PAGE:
The Process of Making A TV Ad

February 1, 2021 | Filed Under advertising, Immersion Creative, Vancouver, Vancouver advertising 

Making a good TV commercial can seem really daunting and complicated. Just like anything else in life, the trick is to break it down into simple, smaller steps and do them one at a time.

 

TV ad for paramedics with a stunt

 

 

 

 

 

 

 

 

 

STEP ONE: Timing

I like working backwards from deadlines in just about every area of my life. If I need to be up at six, I work backwards from how much sleep I need to be functional. So bed by midnight. Therefore, last tea at noon. It’s how I organize my life and it’s how I organize my shoots.

So first things first is we look at when it’s due at the stations, and then take away a week for clearing censors at TVB and any last-minute tweaks they might require. Then, working backwards, another week for post-production and colour correction. Then, back, another week and a half for editing. So if you’re doing something on a fairly big budget, like we did for the Ambulance Paramedics of British Columbia, you want the shoot date to be about three to four weeks from the launch date.

Once we have the shoot date in place (ideally as far as possible from the day you receive the brief), then we start moving.

 

STEP TWO: Murphy’s Law

If you are making television advertising in Vancouver, you’ll need a rain date or two around it.

 

STEP THREE: The Concept

Nothing kickstarts the creative process like a deposit and a deadline. I like to have about two weeks to get together with my Art Director, Designers and Director Of Photography to start fleshing out the ideas. Usually my first pitch is just me talking to the client. Nothing fancy, just a discussion. Sometimes a cave drawing or two, but usually we just talk about what we plan to do. I’ll present about three or so ideas, and the one that gets us all excited is the one we make. We sign-off on a concept we move forward with storyboards, scripts, and the production of the thing.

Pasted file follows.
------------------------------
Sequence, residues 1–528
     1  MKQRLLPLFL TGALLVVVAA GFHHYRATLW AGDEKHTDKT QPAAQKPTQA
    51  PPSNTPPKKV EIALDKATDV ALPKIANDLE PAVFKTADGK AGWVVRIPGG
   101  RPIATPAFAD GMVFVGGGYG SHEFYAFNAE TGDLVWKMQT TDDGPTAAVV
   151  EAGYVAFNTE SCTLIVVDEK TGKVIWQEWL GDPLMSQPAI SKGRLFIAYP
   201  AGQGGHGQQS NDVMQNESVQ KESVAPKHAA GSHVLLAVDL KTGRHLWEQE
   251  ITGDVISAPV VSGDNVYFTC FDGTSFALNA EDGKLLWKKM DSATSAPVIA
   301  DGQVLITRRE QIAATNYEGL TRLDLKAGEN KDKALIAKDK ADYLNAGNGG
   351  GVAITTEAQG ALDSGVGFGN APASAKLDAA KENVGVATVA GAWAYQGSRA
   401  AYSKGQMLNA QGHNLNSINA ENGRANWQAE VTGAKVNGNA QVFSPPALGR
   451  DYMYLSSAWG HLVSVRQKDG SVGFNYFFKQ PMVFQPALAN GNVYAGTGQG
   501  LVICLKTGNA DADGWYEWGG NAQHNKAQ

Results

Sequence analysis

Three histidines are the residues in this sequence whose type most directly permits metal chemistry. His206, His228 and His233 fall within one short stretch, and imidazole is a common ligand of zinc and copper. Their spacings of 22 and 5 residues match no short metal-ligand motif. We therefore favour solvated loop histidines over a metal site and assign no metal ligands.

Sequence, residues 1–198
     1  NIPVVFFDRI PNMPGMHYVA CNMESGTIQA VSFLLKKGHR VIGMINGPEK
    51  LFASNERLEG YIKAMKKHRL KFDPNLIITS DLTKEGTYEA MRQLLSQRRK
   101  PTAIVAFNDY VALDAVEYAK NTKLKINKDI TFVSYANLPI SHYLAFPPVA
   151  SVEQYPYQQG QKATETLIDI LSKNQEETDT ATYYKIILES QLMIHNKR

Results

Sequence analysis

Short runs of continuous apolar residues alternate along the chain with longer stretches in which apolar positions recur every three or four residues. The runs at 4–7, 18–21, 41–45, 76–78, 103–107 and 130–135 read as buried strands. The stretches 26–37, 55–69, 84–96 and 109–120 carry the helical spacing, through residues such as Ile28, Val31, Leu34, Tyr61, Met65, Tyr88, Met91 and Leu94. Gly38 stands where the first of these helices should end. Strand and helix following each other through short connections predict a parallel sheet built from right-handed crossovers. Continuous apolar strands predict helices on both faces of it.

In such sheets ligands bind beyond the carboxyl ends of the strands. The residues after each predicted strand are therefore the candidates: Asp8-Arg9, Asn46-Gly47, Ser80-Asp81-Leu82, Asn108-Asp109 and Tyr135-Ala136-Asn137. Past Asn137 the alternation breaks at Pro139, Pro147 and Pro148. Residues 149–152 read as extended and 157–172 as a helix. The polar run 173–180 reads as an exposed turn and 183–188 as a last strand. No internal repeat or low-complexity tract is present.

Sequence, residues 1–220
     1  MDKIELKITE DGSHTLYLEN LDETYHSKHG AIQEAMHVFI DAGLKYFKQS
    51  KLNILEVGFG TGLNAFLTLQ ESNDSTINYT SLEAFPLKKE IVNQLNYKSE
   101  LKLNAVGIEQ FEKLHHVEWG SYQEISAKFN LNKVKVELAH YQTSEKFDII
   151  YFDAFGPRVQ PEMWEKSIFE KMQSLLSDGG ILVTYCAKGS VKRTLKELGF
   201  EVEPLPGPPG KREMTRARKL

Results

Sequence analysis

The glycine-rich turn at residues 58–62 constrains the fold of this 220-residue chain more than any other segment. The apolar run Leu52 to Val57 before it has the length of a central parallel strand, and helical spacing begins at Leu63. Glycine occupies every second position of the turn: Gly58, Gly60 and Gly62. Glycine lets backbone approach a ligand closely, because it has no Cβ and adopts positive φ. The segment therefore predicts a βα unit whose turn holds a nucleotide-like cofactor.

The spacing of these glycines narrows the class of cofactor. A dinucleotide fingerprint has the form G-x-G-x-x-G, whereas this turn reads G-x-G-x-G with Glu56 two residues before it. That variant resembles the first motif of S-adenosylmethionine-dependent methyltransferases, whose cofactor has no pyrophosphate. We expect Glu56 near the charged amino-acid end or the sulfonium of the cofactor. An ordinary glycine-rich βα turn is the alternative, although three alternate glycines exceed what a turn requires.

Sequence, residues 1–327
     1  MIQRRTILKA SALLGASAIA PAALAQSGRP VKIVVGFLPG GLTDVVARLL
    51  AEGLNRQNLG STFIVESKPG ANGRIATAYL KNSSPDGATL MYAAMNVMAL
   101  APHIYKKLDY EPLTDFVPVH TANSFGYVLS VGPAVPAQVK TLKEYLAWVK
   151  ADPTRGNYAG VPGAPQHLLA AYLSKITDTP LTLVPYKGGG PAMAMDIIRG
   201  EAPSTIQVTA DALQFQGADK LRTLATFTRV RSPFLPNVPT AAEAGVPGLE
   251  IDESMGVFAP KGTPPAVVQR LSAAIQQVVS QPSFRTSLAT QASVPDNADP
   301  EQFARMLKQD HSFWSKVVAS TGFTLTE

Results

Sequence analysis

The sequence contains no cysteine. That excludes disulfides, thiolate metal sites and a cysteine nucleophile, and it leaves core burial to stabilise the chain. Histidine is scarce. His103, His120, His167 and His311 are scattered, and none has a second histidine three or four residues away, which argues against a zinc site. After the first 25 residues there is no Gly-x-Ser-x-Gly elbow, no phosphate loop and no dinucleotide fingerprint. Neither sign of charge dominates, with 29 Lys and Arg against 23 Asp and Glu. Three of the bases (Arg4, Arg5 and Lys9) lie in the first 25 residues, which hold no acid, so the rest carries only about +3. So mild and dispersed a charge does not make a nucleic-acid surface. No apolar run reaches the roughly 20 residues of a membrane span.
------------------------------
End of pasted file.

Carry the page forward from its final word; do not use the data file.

We wrapped the front cover of the Metro newspaper and had a two-page advertorial inside. These were distributed at Skytrain stations by people in paramedic jackets.

 

WHAT’S A DOP?

The Director Of Photography (aka a cinematographer) is responsible for the visual aesthetic. They work closely with the director in every stage of the planning and production. A DOP will work out a shot list and help with storyboarding each shot.

They are key in assembling a crew and gathering gear as they will want the right grips and lighting technicians to give the production the look they are envisioning.

 

STEP FOUR: The Casting

Talent (the actors) bring an idea to the next level. So once we know all the characters, we reach out to casting agents to help find the best people to bring them to life. We often hold auditions either at my office or at the studio with the client. (We get sushi and make an afternoon of it.) When we have our final list of selects from the audition, we pass these on for discussion with the client. When we are happy with the talent we’ve picked, and they fit our schedule and budget, we move ahead with booking them and making sure they know their scripts. We get their sizes from the casting agents, and then we move ahead with wardrobe, props and styling.

STEP FIVE: Wardrobe, Props and Styling

For a bigger production, we often bring on a professional stylist at this point. Their job is to find the costumes and wardrobe (clothes) that fit the era, style and budget of the piece. They have the measurements of the talent to work from, and they know where to source items from all over the city that will fit the vision of the ad. We might also bring in Set Decorators and Art Directors, who help us find props, and items that will add to the reality of the shot and reinforce the concept.